Data Hierarchy: How to name blocks

As I continue to work on adding support for data assembly in VTK/ParaView, I encountered a design choice and I figured I’d see what folks prefer.

So here’s the background: to make it possible for the application to support both vtkPartitionedDataSetCollection (PDC) and vtkMultiBlockDataSet (MB) at the same time, we introduced the concept of a hierarchy. A hierarchy is simply a vtkDataAssembly (DA) representing the structure of the PDC or MB. Remember, a PDC can have additional DAs associated with it that define arbitrary logical groupping and organization of the individual blocks (rather partitioned-datasets). The hierarchy is simply another DA that can be auto-generated using a PDC or MB that represents the parent/child relationships available in the dataset itself. This allows filters to work with DA together with selectors for nodes in the DA always, irrespective of whether the data is PDC or MB. Previously, such filters used composite-index (CID). CIDs are no longer workable solution with PDC since PDC structure does not need to match across all ranks and hence CIDs are not valid across ranks. Thus, ExtractBlock filter, for example, no longer accepts CIDs, but takes selectors identifying nodes in a chosen DA.

vtkDataAssemblyUtilites is a utility class that can generate these hierarchies for a PDC or MB. Here’s a hierarchy generated for the MB produced by the exodus reader for the familiar can.ex2 dataset.

<Root type="vtkDataAssembly" version="1.0" id="0" vtk_category="hierarchy" cid="0" vtk_type="13">
    <Block0 id="1" label="Element Blocks" cid="1" vtk_type="13">
        <Block0 id="2" label="Unnamed block ID: 1" cid="2" />
        <Block1 id="3" label="Unnamed block ID: 2" cid="3" />
    <Block1 id="4" label="Face Blocks" cid="4">
    <Block2 id="5" label="Side Sets" cid="5" vtk_type="13">
        <Block0 id="6" label="Unnamed set ID: 4" cid="6" />
    <Block3 id="7" label="Node Sets" cid="7" vtk_type="13">
        <Block0 id="8" label="Unnamed set ID: 1" cid="8" />
        <Block1 id="9" label="Unnamed set ID: 100" cid="9" />

Note how node names (names used for the XML node) are not same as the block names in the MB. This is so since the block-names are ill-formed for use as XML node-names. They can have spaces, for example. So I decided to adopt the generic form Block# and use label attribute to preserve the block name information. However, this has a problem: when defining selectors for block names, it’s ugly. I can’t simply say //BlockName to select a node with the name BlockName instead, I have to do //*[@label="BlockName"].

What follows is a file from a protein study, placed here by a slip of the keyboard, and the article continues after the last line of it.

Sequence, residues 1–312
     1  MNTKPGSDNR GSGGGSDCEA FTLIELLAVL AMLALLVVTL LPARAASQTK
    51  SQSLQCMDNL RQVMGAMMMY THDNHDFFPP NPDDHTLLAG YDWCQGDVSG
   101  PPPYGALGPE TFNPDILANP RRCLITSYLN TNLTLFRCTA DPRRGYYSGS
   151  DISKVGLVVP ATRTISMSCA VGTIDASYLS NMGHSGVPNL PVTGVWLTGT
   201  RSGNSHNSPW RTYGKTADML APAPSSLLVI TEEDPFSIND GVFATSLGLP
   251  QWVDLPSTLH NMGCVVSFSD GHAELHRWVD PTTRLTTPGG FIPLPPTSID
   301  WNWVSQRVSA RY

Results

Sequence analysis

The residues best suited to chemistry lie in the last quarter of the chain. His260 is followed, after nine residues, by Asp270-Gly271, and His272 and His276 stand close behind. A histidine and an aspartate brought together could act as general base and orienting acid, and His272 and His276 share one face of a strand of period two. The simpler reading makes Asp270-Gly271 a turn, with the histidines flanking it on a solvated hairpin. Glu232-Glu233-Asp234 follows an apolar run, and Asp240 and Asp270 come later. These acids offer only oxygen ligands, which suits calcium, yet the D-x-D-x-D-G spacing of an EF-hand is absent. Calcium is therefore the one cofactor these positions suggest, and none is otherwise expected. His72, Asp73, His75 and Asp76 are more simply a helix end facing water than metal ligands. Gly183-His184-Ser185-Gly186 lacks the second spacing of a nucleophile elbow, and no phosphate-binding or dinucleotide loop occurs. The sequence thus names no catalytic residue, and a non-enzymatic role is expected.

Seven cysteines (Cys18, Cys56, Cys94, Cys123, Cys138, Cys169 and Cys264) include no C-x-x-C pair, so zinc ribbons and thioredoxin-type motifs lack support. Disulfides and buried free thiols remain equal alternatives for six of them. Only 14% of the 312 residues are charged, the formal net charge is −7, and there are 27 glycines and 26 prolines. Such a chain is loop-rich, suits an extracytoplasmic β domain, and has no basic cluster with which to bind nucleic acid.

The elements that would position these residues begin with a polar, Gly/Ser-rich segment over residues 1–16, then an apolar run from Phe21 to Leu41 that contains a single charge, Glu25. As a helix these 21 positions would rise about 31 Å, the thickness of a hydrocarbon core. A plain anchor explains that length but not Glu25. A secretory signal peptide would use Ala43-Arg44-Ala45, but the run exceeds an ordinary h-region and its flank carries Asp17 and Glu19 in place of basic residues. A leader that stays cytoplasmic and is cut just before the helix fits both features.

Another option is to use a sanitized version of the block name from the original dataset as the node name. For example, the hierarchy could look like follows:

<Root ... >
  <ElementBlocks label="Element Blocks" ... >
     <UnnamedblockID1 ... >

Here now the xpath selectors are nicer : //ElementBlocks will select the element blocks nicely. However, the issue is that we have no guarantee that block names in the original multiblock dataset are unique. If they aren’t, //ElementBlocks will indeed select multiple nodes. When were were dealing with composite ids, this ambiguity didn’t exist.

My question is, is this a reasonable sacrifice to make the selectors easier and more user friendly? I think so. Any sensible composite dataset producer will assign sensible block names and duplicated block names just don’t seem sensible. I wonder what folks think.

I agree. Really, the names assigned by sources can be thought of as CSS classes… it just happens that most leaf nodes have unique “class” names.

I agree.

And the ambiguity actually helps my user base as we typically structure our composite datasets so that every (2nd from) bottom-most branch is then actually subdivided into further groups based on element type. Something like:


So it would be great to be able to select all the Solid parts in the model using //Solid

Great! I think I’ll make that change then. Thanks for the feedback, @theodorebaltis , @dcthomp !

Assuming block names are unique is a sensible assumption, I agree.

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I also agree…

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